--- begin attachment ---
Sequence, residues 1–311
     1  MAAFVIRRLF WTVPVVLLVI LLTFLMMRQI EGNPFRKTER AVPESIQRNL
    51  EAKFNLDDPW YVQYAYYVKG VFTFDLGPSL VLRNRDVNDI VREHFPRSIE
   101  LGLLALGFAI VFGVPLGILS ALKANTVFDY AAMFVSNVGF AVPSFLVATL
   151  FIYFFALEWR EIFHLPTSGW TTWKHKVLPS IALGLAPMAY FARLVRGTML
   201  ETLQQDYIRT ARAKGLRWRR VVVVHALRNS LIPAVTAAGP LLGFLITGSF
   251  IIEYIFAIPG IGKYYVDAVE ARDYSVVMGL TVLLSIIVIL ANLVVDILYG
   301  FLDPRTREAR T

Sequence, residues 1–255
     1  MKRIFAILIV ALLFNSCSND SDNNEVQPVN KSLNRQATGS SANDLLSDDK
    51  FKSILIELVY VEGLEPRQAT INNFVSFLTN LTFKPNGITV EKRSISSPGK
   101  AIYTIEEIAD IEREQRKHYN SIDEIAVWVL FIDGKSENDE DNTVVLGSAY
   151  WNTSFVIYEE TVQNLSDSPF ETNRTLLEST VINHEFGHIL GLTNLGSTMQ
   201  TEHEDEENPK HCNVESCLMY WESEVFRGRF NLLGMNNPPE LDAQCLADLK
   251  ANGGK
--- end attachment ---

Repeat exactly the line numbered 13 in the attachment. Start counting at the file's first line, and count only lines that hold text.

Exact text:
   151  WNTSFVIYEE TVQNLSDSPF ETNRTLLEST VINHEFGHIL GLTNLGSTMQ